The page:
Wistfully down the river of life
BOYHOOD is just one element of Richard Linklater’s outstanding new film It’s also about girlhood, teenhood, adulthood, motherhood, fatherhood, sisterhood, brotherhood … you get the idea. In its understated way it is about the meaning of life, the question to which no one has all the answers, be they nine or 90.
This truth is made explicit in a few typically deft scenes between the boy of the title, Mason Evans Jr (Ellar Coltrane), and his namesake dad, endearingly played by Linklater regular Ethan Hawke. The boy looks to the man for answers, and while he has some, he admits that like everyone else he’s just muddling through.
After seeing this film someone asked me if it was as good as Terrence Malik’s The Tree of Life, for my money the masterpiece of recent times. The question made me realise that while the two films are superficially very different (there are no dinosaurs in Boyhood), their concerns are very similar. Both directors have a humane eye and a sympathy for the human race that is not as common as you may expect: witness James Cameron and Avatar.
The unusual development of Boyhood has been well documented. Linklater shot the film in his native Texas in 39 days over 12 years, bringing the cast and crew together for a few days each year. So, the beautiful little six-yearold boy we meet at the start is the same boy graduating from high school at the film’s end. Movie websites are full of trivia about this, such as the fact Coltrane grew 67.5cm and had 72 haircuts in the life of the production.
There have been inevitable comparisons with Michael Apted’s superb Up series, in which he has followed the lives of 14 British schoolchildren since 1964, starting at age seven and revisiting them every seven years ( 56 Up was released in 2012). The two big differences are that Boyhood is a film, not a documentary (though it has autobiographical aspects) and that it is a one-off, running for what seems a measly 165 minutes.
This has the remarkable — and no doubt intended — effect of making us realise just how short life is, especially that part of it when we are kids. You sit in a cinema for a bit under three hours and watch a dozen years of people’s lives and it’s all so ordinary and random and fleeting. My immediate reaction was to rush home and freeze my nine-year-old son, so I could keep him forever at this perfect age. When I told him this he said he was quite looking forward to being a teenager.
When we first meet Mason he is living in a small Texan town with his older sister Samantha (Linklater’s daughter Lorelei) and their mum Olivia (a wonderful Patricia Arquette). Dad has been absent for 18 months and mum is arguing with her new boyfriend, who finds the kids a burden.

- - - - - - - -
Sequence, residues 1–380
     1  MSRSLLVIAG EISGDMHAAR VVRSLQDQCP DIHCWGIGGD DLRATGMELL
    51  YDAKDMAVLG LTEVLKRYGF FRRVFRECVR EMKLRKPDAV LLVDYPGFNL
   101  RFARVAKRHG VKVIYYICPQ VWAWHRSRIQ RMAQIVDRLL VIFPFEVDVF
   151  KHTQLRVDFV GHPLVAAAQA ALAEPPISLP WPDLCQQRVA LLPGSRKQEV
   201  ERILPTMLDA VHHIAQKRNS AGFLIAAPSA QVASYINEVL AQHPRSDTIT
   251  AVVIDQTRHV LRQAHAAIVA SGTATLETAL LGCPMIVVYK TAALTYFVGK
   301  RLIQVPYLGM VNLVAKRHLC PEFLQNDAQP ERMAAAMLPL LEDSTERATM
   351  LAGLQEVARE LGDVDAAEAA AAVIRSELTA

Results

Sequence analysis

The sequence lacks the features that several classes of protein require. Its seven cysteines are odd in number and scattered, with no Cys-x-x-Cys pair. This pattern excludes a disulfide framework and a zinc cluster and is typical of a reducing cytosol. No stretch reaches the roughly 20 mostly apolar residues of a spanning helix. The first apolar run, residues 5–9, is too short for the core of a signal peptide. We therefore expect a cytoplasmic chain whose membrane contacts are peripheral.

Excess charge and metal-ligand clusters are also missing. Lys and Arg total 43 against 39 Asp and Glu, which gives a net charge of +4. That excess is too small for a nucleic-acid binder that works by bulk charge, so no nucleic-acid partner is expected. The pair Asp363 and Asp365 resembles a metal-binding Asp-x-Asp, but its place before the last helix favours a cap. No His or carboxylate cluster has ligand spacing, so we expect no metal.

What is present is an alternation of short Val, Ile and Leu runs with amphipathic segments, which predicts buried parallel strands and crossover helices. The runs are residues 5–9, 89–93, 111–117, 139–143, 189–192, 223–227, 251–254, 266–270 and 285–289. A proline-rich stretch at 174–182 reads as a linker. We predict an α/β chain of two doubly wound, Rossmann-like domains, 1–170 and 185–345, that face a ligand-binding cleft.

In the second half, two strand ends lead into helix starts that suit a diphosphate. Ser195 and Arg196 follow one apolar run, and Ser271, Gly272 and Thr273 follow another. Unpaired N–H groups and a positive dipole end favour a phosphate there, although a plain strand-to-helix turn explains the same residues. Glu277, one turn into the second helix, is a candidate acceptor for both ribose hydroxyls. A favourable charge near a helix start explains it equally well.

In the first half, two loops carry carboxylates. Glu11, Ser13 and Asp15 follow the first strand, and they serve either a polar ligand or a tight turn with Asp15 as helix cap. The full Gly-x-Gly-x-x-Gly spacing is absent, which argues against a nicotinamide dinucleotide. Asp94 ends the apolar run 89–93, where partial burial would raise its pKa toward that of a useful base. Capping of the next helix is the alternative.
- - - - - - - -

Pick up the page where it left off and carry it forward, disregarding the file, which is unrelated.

When Mason Sr does turn up, driving a Pontiac muscle car, he’s every inch the cool drop-in dad: handsome, funny, generous — and temporary. But he says he wants to be more involved in his kids’ lives, and he seems to mean it.
Any chance of a reunion is scuttled when Olivia decides to move the family to Houston so she can pursue her studies and a teaching career. There she marries her professor, Bill (Marco Perella), who has a boy and girl of his own. The two families blend and for a while it’s happily Brady Bunch, but cracks soon appear.
Because this film has a dramatic arc, I don’t want to spoil it for viewers by revealing too much about what happens to whom. Suffice it to say that there is a lot of instability and change in the lives of Olivia and her two children, and others in their orbit. Addiction — to booze, God, power, bad relationships — is a subtle undercurrent. Mason Sr, for all his fecklessness, becomes one of the few constants in their lives, even as he remarries and has another child. Mason Jr grows into a decent, caring, intelligent, sensitive boy and teen, which almost needless to say causes him a bit of grief.
The director and his cast nail what it is like to be a child, the powerlessness of it. They also have the language down pat. When six-year-old Mason is chastised by a teacher for staring out the window all day, he corrects her: “Not all day.’’ Perhaps the two most common words spoken in the film are “I guess”. Do you want toast for breakfast? I guess. Did you have a good day at school? I guess. Do you want to go to a party? I guess. But there are no caricatures here, of any age: every character is believable.
Linklater steers all of this with great restraint. The film covers the years 2002 to the present, indicated by background events such as the war in Iraq on the TV news or Roger Clemens pitching for the New York Yankees. There are moments of quiet devastation that are all the more effective for the camera not lingering on them, for the director not yelling: Look what’s happening, isn’t it awful? When Olivia and the children fix up their house before moving out, for example, we watch, without anyone making a fuss, as the children’s height marks on the door jamb are painted over.
This is an intimate, poignant film that makes you feel a little sad. But there are lots of loving and funny moments — such as when Mason and his kids campaign for Barack Obama — and the overall effect is life-affirming.
As he showed in the accomplished Before Sunrise-Sunset-Midnight trilogy starring Hawke and Julie Delphy, Linklater is an intrepid and perceptive searcher for lost time. But Boyhood is his masterpiece to date. There’s a lovely moment when Mason, Olivia and the children are singing a corny song that includes Heraclitus’s famous observation that you can’t step in the same river twice. This beautiful film is all about that river, and just how fast it flows.
Ellar Coltrane and Ethan Hawke in